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Dianne Gerrelli
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Could someone please explain why the following code prints the characters to be tested and the index but fails to actually perform the test that I need. I want to have something that compares characters to look for valid characters. I have a test characters, which is a String and valid characters which is also a String. I then want to check each of the test characters to see if they match with the valid characters and if not valid report the error by printing the character that is not valid and the index it is in the String.

I have tried very hard to get this to work with the valid characters stored in an array but have not been able to get it to work as the complier will not allow me to setup a test between variables that do not match ie character in a string and character in an array.



Best wishes
Dianne Gerrelli
 
Garrett Rowe
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Hello,

I looked at your validation method and I couldn't find any flaw its logic. I tested it out on my own:


and got exactly the output I was expecting:

Therefore if it is not working for you my only suggestion is that you check to make sure that the content variable and the theseLetters variable contain exactly what you think they contain. I would do this by inserting System.out.println(...) statements just before the body of the loop, just as a sanity check.

Garrett
 
Dianne Gerrelli
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Dear Garrett,

Thanks for the reply. I have done as you suggested and inserted the characters for the Strings and retested. It works now and only prints out when the string contains a valid letter. I think because I have the print statement in a loop it also prints this message 4 times, one for each character compared from theseletters string so I will need to fix this by throwing and catching exceptions instead of the print statements. You may therefore get a post concerning exceptions as I do not really understand how these work. Do you know of any good explanations?

I will check the returns from my methods getContent() and validLetters() as it looks as though the problem may be with them not returning the correct data.

Best wishes
Dianne Gerrelli



---------- Capture Output ----------
> "C:\Program Files\Java\jdk1.5.0\bin\java.exe" Sequence
agtaacxatgc
acgt
Invalid character[x] at position 7
agtaacxatgc
acgt
Invalid character[x] at position 7
agtaacxatgc
acgt
Invalid character[x] at position 7
agtaacxatgc
acgt
Invalid character[x] at position 7

> Terminated with exit code 0.
 
Garrett Rowe
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I don't think you need to get into exception handling for this situation. When I tested the method just as you have written it, the invalid character message only printed out once for me. I'm having a hard time understanding why its printing out 4 times for you. Also what I was trying to suggest was this:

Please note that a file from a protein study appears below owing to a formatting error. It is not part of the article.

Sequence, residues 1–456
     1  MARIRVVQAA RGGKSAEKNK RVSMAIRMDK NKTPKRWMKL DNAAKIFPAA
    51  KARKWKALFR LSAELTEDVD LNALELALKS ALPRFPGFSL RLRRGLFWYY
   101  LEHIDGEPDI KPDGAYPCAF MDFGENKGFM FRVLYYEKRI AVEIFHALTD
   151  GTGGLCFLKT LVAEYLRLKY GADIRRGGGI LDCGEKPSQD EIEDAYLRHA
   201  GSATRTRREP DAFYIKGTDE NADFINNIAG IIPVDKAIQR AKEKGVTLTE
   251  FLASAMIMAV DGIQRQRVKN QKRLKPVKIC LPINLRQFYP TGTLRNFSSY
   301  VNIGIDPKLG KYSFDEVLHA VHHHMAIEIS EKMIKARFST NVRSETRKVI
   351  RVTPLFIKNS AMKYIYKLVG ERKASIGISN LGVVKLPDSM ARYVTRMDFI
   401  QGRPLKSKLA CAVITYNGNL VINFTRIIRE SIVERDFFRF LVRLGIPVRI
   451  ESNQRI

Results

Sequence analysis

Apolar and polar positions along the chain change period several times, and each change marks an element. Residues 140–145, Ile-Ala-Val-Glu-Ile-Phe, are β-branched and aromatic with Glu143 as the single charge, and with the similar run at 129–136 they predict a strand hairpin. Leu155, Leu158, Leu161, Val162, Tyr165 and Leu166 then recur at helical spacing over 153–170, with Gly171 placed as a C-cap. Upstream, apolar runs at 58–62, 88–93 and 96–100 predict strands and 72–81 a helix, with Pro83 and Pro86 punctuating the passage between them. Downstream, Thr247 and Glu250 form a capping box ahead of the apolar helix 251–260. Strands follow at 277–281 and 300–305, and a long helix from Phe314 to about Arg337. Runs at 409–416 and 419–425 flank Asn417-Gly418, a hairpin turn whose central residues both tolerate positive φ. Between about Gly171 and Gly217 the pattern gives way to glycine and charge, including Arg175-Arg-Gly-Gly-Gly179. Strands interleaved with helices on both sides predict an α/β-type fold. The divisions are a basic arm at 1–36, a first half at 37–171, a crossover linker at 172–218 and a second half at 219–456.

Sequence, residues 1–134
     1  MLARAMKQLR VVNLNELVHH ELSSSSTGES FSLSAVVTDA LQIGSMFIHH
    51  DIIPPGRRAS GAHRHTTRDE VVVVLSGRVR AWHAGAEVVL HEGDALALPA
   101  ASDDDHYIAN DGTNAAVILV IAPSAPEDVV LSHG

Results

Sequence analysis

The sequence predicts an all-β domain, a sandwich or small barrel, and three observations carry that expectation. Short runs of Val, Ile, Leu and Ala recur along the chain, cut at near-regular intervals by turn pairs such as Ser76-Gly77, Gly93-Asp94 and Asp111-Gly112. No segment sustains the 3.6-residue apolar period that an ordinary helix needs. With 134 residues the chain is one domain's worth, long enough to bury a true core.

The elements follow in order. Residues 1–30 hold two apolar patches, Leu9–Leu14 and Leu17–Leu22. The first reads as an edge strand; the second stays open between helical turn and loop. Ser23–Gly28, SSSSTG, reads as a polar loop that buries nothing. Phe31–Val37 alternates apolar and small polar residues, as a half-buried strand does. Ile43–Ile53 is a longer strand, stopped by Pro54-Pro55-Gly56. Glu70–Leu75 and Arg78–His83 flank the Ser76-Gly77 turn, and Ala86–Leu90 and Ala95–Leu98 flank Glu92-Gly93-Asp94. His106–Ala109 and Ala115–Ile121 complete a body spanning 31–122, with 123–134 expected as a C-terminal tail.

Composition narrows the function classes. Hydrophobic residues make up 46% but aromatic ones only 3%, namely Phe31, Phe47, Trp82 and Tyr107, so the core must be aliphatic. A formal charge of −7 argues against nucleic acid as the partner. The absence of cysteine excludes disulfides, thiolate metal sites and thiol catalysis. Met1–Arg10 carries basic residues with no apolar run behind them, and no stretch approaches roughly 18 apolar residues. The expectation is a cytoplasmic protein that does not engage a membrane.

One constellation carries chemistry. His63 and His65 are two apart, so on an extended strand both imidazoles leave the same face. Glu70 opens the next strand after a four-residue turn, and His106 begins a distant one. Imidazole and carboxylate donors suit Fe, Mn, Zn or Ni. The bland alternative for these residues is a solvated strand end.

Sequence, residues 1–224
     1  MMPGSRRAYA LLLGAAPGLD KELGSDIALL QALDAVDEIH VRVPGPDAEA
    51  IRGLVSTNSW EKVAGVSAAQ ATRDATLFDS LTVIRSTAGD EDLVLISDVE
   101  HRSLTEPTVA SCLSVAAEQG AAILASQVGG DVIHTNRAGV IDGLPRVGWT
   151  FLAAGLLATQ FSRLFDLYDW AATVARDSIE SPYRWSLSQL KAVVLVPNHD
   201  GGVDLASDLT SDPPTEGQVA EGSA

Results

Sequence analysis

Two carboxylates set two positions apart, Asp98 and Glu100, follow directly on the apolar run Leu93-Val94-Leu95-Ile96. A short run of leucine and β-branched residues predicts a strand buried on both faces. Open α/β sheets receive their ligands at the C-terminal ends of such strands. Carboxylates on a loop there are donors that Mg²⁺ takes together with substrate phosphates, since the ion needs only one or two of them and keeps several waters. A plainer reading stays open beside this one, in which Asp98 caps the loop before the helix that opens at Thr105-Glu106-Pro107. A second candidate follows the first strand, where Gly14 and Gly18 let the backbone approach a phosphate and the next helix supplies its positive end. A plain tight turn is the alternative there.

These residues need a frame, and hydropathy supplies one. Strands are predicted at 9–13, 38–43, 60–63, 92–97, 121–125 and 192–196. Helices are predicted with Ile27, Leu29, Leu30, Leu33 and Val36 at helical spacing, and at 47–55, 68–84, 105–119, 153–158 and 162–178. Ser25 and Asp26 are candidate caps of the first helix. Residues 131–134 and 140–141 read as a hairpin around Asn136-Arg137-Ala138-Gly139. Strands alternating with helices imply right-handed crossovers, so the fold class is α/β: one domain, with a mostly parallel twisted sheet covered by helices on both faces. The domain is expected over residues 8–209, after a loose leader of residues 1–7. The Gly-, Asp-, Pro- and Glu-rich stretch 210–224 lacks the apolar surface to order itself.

The System.out.println(...) messages are inserted strictly for debugging purposes. Once you are sure the method does what you want, remove them or comment them out. One more thought would be instead of printing error messages, the validate method could return a boolean indicating whether the test passed or failed. Or if you want to know which positions contained invalid characters maybe you could return an int[] containing the indices of all invalid characters. If the test passed you could return a zero-length int[] (instead of just returning null). Obviously ultimately these design decisions are up to you. Just giving my 2cents.

Garrett
 
Layne Lund
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Or perhaps these design decisions are up to a college professor?

Layne
 
Dianne Gerrelli
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Many thanks, I am afraid that the design decisions are indeed up to the course organisers.

Best wishes
Dianne
 
Phil Campell
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Hey guys, I hate to bring back a dead thread, but I'm new to the Java (and programming, in general) field and this is the closest thread I could find relating to my issue.

I'm making a program that increases the count of an index in an array according to letters. Here's what I have so far (I'll post the code and then explain it below):

So, String 'important' is basically a string of characters that are "A, C, G, T" not case sensitive. Currently, int index = "acgt".indexOf(important.charAt(i)); works great, if string important is a string of previously mentioned characters in lowercase. Anywhere I add the string method .equalsIgnoreCase() to the code: int index = "acgt".indexOf(important.charAt(i)); I get a "cannot find symbol" pointing to the .equalsignoreCase... I've tried to make a (before the for loop) a new string - String nucleotide = input.nextLine(); String important = equalsIgnoreCase(nucleotide); which I thought would take that whole string (of characters a, g,c,t) and make it not matter if it CAPITOL letters or not.